Red Yarn (Andy Furgeson) returns to mine the sounds of rustic traditional American song with his fifth CD, RED YARN'S OLD BARN, later this month. In the meantime, the fuzzy bearded Portland resident teases its release with the first story video, the title track "Old Barn" (filmed in a REAL old barn):

Wednesday, April 11, 2018

Ben's Playlist - Thursday, April 12, 2018

Thank You for the Box – Andrew & Polly
Have You Ever Been Real – Dean Jones
Setting Sun – Bears And Lions
Loving & Kind – Aaron Nigel Smith
Me On The Map – Brady Rymer & The Little Band That Could
Don't Matter Now – George Ezra
Look At Those Clouds – Danny Weinkauf

Journey to Nighttime Luna With 123 Andrés

Few parents willingly volunteers that they don't know something. Which is why I was mildly confounded by the new 123 Andres CD, LA LUNA. A genial and melodious fellow with genuinely good intentions and a clear singing voice, Andrés Salguero (and wife Christina Sanabria) have produced several award-winning Spanish (and English) children's music CDs.

Emphasis must be placed on Spanish first – which is why I was mildly confounded by the all-Spanish album jacket and had to quietly visit the website for English lyrics. Songs like "Un Elefante" are easy enough to figure out. But I needed a quick cheat sheet to determine that "La Pequeña Pilar" told the story of "Little Pilar," who only wants to grow up and have his own adventures.

With its accordion, "Benjamin" sounds almost French, which is why I was mildly confounded in explaining it my own son, Benjamin. Although the lyrics did almost quite describe him:

If you’d like to help him,
Have a dictionary handy,
And look for new words,
Just like Benjamin

A portion of the proceeds from LA LUNA benefit the Greater DC Diaper Bank, which aids families living below the poverty line. You can perform a good deed and put your kids to sleep at the same time – to use a third language, such a mitzvah. An English version of LA LUNA is planned for later this year. Depending on your level of fluency and the bilingual nature of your household, that may be innecesario. LA LUNA is a tranquil collection of bedtime-relatable songs that (with ego-saving web intervention) should entertain and fascinate inquisitive, tired toddlers.

LA LUNA is available April 13 from 123 Andres' website, Amazon, iTunes, Soundcloud, Bandcamp, and  CDBABY.

Here is a video for several of Andres' songs:

Tuesday, April 10, 2018

Ben's Playlist - Wednesday, April 11, 2018

I Love The Night – Gustafer Yellowgold
Soar – Mo Phillips
Home – Spaghetti Eddie
Higher Higher – Justin Timberlake
Benjamin – 123 Andres
Kid Of The Week – The Not-Its!

Thursday, April 05, 2018

New Elevating Music from Laurie Berkner Band

The world of children's music constantly welcomes new performers and celebrates the contributions of legends. Sometimes a newcomer releases material that harkens back to a different era while the established artist seeks to carve out new ground. Other times, the songs feel like comfort food – exactly what you expect, happily ready for immediate consumption by young consumers.

Children's music standard bearer Laurie Berkner has released a new song, "Waiting for the Elevator," and you can see how it fits snugly into her pantheon of previous hits. It's a song about travel and patience and anticipation, all at the same time. And there's a chorus of chirpy youngsters, to boot.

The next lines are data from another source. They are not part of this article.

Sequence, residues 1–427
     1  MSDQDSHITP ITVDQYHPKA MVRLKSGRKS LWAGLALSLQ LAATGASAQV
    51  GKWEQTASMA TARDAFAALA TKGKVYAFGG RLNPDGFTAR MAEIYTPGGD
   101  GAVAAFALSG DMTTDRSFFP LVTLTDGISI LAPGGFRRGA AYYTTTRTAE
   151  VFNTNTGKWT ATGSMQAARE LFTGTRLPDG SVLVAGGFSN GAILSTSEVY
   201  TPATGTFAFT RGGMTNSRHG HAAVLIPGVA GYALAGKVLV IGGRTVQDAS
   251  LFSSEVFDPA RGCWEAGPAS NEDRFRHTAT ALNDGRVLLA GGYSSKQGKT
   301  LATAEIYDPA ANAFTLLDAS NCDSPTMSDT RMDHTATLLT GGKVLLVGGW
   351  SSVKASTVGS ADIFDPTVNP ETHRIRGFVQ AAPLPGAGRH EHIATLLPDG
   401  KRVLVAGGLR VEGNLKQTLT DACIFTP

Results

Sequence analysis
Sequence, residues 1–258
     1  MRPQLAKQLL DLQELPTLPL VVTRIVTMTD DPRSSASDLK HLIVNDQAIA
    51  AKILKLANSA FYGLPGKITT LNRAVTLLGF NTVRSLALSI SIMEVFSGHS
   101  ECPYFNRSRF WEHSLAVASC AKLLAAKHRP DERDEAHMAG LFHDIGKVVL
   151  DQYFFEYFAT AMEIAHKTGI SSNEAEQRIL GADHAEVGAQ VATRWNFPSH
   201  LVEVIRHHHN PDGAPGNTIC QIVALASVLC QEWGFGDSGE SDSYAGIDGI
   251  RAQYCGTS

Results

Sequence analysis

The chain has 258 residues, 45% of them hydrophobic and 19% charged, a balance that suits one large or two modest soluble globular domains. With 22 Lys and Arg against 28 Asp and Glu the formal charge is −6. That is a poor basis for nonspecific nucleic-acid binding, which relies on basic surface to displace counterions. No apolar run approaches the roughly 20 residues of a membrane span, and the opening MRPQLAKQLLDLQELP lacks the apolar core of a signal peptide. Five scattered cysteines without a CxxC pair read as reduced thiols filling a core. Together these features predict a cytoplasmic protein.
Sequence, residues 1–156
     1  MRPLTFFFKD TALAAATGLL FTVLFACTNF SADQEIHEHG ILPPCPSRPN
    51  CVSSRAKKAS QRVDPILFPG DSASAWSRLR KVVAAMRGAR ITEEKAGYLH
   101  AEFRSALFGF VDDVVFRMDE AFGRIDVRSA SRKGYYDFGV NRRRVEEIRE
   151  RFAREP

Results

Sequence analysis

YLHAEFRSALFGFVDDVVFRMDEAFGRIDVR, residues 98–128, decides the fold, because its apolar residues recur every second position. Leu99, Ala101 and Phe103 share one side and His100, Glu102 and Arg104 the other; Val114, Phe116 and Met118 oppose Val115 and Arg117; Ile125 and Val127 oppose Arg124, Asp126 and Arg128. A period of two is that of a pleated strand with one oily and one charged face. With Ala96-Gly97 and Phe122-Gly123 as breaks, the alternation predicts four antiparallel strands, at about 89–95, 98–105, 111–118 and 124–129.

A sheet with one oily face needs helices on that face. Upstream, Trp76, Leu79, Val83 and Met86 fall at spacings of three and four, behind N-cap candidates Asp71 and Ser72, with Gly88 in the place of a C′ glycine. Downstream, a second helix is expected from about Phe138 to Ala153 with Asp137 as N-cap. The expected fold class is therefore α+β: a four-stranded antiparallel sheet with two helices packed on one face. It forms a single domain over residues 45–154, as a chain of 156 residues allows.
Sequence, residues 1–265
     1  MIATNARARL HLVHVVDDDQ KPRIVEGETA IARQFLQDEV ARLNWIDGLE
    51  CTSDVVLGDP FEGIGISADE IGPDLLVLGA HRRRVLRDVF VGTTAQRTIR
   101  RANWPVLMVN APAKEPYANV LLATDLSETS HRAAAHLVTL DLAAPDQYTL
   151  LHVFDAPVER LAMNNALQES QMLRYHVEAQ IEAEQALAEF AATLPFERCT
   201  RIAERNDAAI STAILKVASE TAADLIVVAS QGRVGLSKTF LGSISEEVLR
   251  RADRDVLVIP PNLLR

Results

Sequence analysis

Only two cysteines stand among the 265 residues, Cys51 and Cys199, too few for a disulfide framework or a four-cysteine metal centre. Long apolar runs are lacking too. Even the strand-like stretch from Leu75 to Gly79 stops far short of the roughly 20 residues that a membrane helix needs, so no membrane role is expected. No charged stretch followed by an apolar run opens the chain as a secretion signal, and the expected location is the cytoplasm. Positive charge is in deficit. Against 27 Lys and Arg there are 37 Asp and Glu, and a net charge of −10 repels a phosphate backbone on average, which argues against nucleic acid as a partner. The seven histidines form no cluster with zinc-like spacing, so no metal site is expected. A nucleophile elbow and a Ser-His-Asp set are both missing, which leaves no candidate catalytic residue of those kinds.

To purchase the song, visit this page with links to iTunes, Amazon, etc.

Here is the video:

Two New Brady Rymer Singles for Autism Awareness Month

In commemoration of Autism Awareness Month, Long Island's own Brady Rymer and the Little Band That Could have released two singles – a party mix of their inclusion anthem, "Love Me For Who I Am" and a brand-new cover of the Diana Ross classic, "I'm Coming Out."

"Love Me For Who I Am" was the title track of Brady's 2011 CD, which stemmed from a conversation with a special needs student (story is here). Longtime proponents of rights for disabled children, Brady and company have always stressed the point that music is a hallmark of inclusion.

Personally, my family has a decade-long history with the Rymers, starting at Kidstock in Brooklyn many years ago and continuing through 2018. Brady and Bridget graciously moved over so me and my kids could sit together at January's "Best of Childrens Music" Grammy showcase at Symphony Space. Long may they rock!

Hear "I'm Coming Out" on Spotify, Apple Music, and Amazon.

Hear "Love Me For Who I Am" on Apple Music, Amazon, and Spotify.

Watch the video for "I'm Coming Out":

Tuesday, April 03, 2018

Reserve Your Bunk as Camp Andyland Returns

Andreas Zamenes (Andy Z) understands that children's music is best served with a certain level of camp appeal. That could explain why his latest CD, CAMP ANDYLAND, compiles songs from his previous three "Andyland" releases.

One of the most basic tenants of reviewing children's music is to keep reminding myself "this is not necessarily to amuse you; it's for children." That mantra came in especially handy with songs such as "Cecil (the Serpentine Dragon)" and "La Araña Pequenita," which feature characters not built for anyone over the age of 8.

CAMP ANDYLAND is pretty self-explanatory – a collection of tunes ranging from shopworn traditionals (this is the second consecutive CD I've reviewed with a version of "Row Row Row Your Boat") and originals "Sticky Bubble Gum." For me, the most engaging song was the 60s pop / Wonders (from That Thing You Do) feel of "I Love You Because You're You."

Andy Z has won a host of awards and produced a slew of kid-friendly material. CAMP ANDYLAND could be seen as either a "greatest hits" effort to memorialize songs that always generate a positive reaction in concert or a way to introduce tunes from CDs that may no longer be available from retail and online vendors. Either way, Andy Z is looking for early enrollment for youngsters and hoping that parents are eagerly counting down the days when camptime is a reality.

CAMP ANDYLAND is available on March 30 from Andy Z's website, Spotify, AmazonBandcamp, and iTunes.

The video for "Pirate Song" is here: